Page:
A/C Concerns


Registered Member
04 Envoy 4.2L

I've noticed that my AC compressor on my Envoy squeals when engaged - It will almost chirp while engaged (sounds like a bad bearing to me). I also have noticed that the AC line going over the engine frosts up VERY easily and the AC compressor DOES NOT cycle off very often. I've also noticed that when parked, there is a LOT of moisture that comes out from under the passenger side of the engine (where the AC drain is). It is getting colder here, but I've had the problem for quite a while now.

So far, what I've done:

1) Checked/changed the belt.
2) Checked the AC clutch (pulled it off - it had rusty spots, so I cleaned them off).
3) Checked low side pressure (reads good for temperature).
4) Checked the Ac compressor pulley/bearing.

I'm hoping it's nothing inside in the compressor, but I am really thinking that is the likely 'cause' of the issues.

To add to the discussion - I had a bad temp sensor a while back and I replaced it as the AC would NOT engage (temp sensor would show a very low outside temp). Temp sensor is reading accurately on HVAC unit.


Master Blaster
Seems to be running fine. Did you check the clutch gap? It could be slipping. You could try removing the clutch shim to close that gap a little. It may bring it back to specs. Just be sure it isn't rubbing continuously on the pulley.


Registered Member
Thread Starter
Seems to be running fine. Did you check the clutch gap? It could be slipping. You could try removing the clutch shim to close that gap a little. It may bring it back to specs. Just be sure it isn't rubbing continuously on the pulley.

I didn't check the gap - I actually didn't see any shims (would they be on the pulley itself or the clutch?).

Also, the chirping goes like this: "chirpchirpchirpchirpchirp..." while the clutch is engaged, and it it's pretty loud.

If it's normal, I'll live with it (of course, haha). I checked other vehicles (NOT GMC/Chevy) and the AC compressors are quiet.


Lifetime VIP Supporter
The symptoms with having the Low Pressure Return Vapor Line frosting over due to premature, Change of State Freon "Flash-Over" and the accumulation of Ice from having Condensate Freeze Up on the Evaporator Coils and later melting and raining out in excess indicates that the A/C Liquid Line (in-line) Orifice-Filter Tube is severely clogged up.

The action required is to Vacuum down the R-134A Freon from the A/C System and then perform an R&R of the Orifice-Filter Tube using Needle Nosed Pliers. The replacement item requires the application of a small coating of PAG-46 A/C Oil on the outer O-F Tube "O" Ring prior to re-insertion into the Aluminum Line.

As with all GMT-360s… The A/C Liquid Line (High Pressure) Orifice Tube Service Port is located right along the Upper Passenger Side Fender Area under the Hood to the left of where the A/C Accumulator Filter Drier line to it is situated near the Firewall.

The Aluminum Piping Flange gets unbolted at its junction and NN Pliers are required to extract the O-F Tube from inside of the Line. Ordinarily, finding any amount of Metal Debris on the Filter Screen also indicates that your Scroll Compressor may be the source of this problem and sadly, is on its Last Legs.

Best A/C Repair Practices would suggest using a few cans of Aerosol A/C System Flush to clean out any remaining "Metal Mung" hiding within the A/C Lines, the Evaporator via the Firewall A/C Manifold after removing and discarding the Old Accumulator and also via the inlet and outlet lines to the Condenser Coils.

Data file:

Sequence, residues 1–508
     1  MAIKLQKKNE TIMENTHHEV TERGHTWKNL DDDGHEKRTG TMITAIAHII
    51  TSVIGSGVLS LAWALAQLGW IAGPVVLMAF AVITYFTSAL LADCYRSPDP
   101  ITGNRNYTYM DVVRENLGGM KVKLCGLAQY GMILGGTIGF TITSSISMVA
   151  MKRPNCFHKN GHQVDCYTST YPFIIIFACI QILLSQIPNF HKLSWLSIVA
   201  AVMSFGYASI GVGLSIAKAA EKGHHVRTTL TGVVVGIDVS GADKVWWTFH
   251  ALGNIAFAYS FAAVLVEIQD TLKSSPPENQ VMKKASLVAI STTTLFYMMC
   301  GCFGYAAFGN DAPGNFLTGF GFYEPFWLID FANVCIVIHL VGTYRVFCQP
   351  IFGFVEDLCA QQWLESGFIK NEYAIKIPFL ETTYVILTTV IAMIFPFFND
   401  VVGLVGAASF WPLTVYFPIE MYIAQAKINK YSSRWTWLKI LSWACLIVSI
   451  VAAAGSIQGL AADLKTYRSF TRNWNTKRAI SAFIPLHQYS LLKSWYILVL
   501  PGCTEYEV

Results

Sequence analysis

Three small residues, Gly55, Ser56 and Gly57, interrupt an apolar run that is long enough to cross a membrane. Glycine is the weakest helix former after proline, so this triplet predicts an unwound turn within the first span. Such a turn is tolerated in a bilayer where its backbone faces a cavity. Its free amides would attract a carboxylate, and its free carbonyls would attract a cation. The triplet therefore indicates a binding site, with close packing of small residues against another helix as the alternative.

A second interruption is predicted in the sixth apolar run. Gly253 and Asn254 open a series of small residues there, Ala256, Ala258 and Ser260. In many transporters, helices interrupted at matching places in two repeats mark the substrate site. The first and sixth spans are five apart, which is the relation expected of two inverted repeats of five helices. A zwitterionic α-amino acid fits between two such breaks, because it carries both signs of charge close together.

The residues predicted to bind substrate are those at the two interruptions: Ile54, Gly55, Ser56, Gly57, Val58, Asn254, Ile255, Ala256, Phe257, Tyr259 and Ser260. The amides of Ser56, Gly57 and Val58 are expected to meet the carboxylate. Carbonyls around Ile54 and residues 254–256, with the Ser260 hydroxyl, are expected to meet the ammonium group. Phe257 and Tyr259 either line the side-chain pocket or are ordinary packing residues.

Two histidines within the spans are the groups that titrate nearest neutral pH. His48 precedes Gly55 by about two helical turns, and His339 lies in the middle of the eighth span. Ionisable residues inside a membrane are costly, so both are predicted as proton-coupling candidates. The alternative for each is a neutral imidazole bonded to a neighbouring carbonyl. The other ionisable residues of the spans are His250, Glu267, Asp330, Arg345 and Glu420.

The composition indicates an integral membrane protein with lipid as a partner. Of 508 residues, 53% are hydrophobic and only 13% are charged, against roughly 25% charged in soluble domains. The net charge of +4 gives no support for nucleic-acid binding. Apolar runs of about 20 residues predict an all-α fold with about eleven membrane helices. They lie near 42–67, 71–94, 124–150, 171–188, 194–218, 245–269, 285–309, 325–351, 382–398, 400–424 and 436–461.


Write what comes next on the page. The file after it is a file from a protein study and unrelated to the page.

Then if possible, feed Low Pressure Dry Nitrogen through all of those areas to absorb excess atmospheric moisture and avoid introducing H2O into the Fresh PAG-46 A/C Oil prior to performing a System Vacuum down to about 25 Microns. The recommended amounts for Lubrication of a "Clean System" are:

(1) Two Ounces poured into the New Compressor and then Rotate the Scroll Section by hand at least 10 Rotations to avoid Hydro-Locking the Unit

(2) Two Ounces into the Condenser Coils.

(3) Two Ounces poured into a Brand New Accumulator-Drier and immediately re-cap the piped ends with Plastic Caps to keep out any excess atmospheric Air.

(4) Two Ounces or Less for the A/C Lines ...and remember that Special Amounts of R-134A and PAG-46 are required for any system that has TWO A/C Units within.

These actions should only be done AFTER first removing the Damaged A/C Compressor... or all of that Metal Detritus left inside of it will just be driven deeper into the system and renew its devilish contamination.


With Winter coming on… planning for this as a fairly expensive, but worthwhile job is to your advantage. If it proves to be necessary, avoid using anything other than a Brand New GM- ACDelco OEM or Delphi A/C Compressor and system components. THIS particular Site describes these issues in better visual and factual detail:


Autozone carries the 2004 Chevrolet Trailblazer 4.2L A/C Filter Orifice Tube:


RockAuto carries all of the OEM Quality A/C Components as well...


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The chirp noise sounds like a slipping belt. A slipping clutch doesn't chirp. Get a spray bottle with water and spray the area where you hear it. If the noise changes than you know there's a belt slipping issue. You may need to replace a cracked belt or at least thoroughly clean the belt and pulleys with a strong detergent and stiff brush.


Registered Member
Thread Starter
So I know it's not the optimal solution, but I did some checks. I was low on oil in the system (using a oil tester) so I added some RedTek oil and also their dry12 (to remove moisture). In doing so, my A/C compressor is MUCH quieter (almost silent). I suspect I will need to do more work in the future, but for now, it seems to be working.

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